How can I import vegetables from Bangladesh

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Fruit and vegetables from third countries enjoy a competitive advantage due to their lower production costs there, which is offset by import duties (agricultural duties) when these products are imported into the Union. In the case of the important types of fruit and vegetables, this is done using an import or entry price system, which is also known as the entry price procedure.

If the import price of certain fruit and vegetables falls below the so-called entry price, the compensation mechanism takes effect. The entry price is set by the WTO (World Trade Organization) for certain types of fruit and vegetables.

If the import price falls below this, in addition to the ad valorem duty, an additional specific duty, proportionally adjusted depending on the degree of the shortfall, is levied.

The entry price system applies to tomatoes, cucumbers and zucchini all year round. For other products such as oranges, table pears, apricots, cherries, peaches and plums, it is only used in certain seasonal periods.

Since the fruit and vegetables in question are often delivered in consignment stores with a limited shelf life, it is more difficult to determine their value. For this reason, a flat-rate import value is determined for the fruit and vegetables subject to the entry price system. The lump-sum import value is determined individually by the EU Commission. For this purpose, a weighted average is calculated for each product on representative import markets of the European Union. Here, the seasonally fluctuating prices and the different qualities of the retail classes are taken into account.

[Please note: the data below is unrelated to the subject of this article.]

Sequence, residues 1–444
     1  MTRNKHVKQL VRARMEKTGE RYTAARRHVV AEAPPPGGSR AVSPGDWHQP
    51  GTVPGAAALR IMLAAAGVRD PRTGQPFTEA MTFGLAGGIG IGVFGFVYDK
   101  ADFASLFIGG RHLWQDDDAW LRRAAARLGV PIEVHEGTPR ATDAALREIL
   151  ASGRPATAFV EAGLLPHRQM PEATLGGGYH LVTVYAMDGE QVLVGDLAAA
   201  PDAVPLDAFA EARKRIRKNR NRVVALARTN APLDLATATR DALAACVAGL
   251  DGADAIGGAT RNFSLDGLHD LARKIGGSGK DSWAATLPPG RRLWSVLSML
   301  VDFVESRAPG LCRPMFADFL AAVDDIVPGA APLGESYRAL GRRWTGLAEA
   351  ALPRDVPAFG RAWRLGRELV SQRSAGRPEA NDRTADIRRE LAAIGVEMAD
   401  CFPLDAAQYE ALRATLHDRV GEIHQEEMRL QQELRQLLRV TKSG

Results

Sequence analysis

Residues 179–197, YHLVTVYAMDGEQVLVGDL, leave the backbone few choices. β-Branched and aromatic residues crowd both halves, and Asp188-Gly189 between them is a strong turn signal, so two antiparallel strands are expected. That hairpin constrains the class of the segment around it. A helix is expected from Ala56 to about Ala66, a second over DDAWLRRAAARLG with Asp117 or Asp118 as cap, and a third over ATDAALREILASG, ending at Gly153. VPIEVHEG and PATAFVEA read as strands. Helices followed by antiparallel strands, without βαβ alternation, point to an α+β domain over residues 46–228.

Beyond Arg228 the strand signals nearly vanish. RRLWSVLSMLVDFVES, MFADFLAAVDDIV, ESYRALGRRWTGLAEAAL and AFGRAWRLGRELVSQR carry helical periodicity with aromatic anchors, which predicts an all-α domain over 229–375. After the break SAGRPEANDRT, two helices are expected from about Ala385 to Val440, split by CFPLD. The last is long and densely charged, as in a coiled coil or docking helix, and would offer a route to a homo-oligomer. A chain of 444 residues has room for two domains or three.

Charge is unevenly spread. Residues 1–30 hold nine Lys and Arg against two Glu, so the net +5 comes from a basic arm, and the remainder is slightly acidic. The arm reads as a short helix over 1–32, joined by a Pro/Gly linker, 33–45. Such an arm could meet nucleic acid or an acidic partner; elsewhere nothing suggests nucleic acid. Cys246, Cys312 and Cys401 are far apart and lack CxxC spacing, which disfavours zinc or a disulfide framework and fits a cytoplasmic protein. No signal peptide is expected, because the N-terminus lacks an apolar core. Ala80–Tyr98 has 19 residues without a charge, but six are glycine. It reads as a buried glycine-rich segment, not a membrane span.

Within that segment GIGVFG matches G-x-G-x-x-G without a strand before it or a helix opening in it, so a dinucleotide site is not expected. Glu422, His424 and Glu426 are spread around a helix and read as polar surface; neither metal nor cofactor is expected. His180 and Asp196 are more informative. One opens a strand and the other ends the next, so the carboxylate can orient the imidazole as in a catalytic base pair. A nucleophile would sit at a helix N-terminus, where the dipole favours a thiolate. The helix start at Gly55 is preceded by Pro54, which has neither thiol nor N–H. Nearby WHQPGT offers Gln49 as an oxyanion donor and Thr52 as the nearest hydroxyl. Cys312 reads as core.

Import price

For the application of the Common Customs Tariff, the import price of a delivery of fruit and vegetables is based on the customs value specified in Regulation (EU) No. 952/2013 (Union Customs Code - UCC) and Regulation (EU) 2015/2447 (Implementing Regulation for the UZK - IA). As a result, the import price for fruit and vegetables on which the market regulation law is based corresponds to the customs value determined in accordance with customs law.

Import price for products imported on a consignment basis

With this type of business, there is usually no purchase transaction at the time of import, or the final sales price cannot yet be determined. In this case, the customs value is determined directly in accordance with Article 74 (2) c UZK, on ​​the basis of the price per unit (so-called deductive method). For this purpose, the flat-rate import value is the unit price during the applicable periods. For imports on a consignment basis, this means that the import duty is determined directly in the amount of the duty based on the flat-rate import value. No security is charged.

Collection of securities for the importation of fruit and vegetables

In the cases of customs valuation according to Articles 70 and 74 paragraph 2 c) UCC, the collection of a security may be considered. The calculation of the security takes place on the basis of a fictitious levying of taxes on the basis of the lump-sum import value. In the case of a customs value calculation based on the transaction value within the meaning of Article 70 UCC, a security is only levied if this customs value is more than 8 percent above the standard import value. This regulation does not apply, however, if the lump-sum import value is above the entry price or the declarant requests direct entry in the books.

Marketing standards for import and export

In addition, certain documents may be required as proof of compliance with marketing standards or minimum requirements for the import and export of fruit and vegetables.

You can find more information on this in the field of foreign trade and cash transactions.

Certificate of conformity, declaration of waiver (import)

Certificate of conformity for fruit and vegetables (export)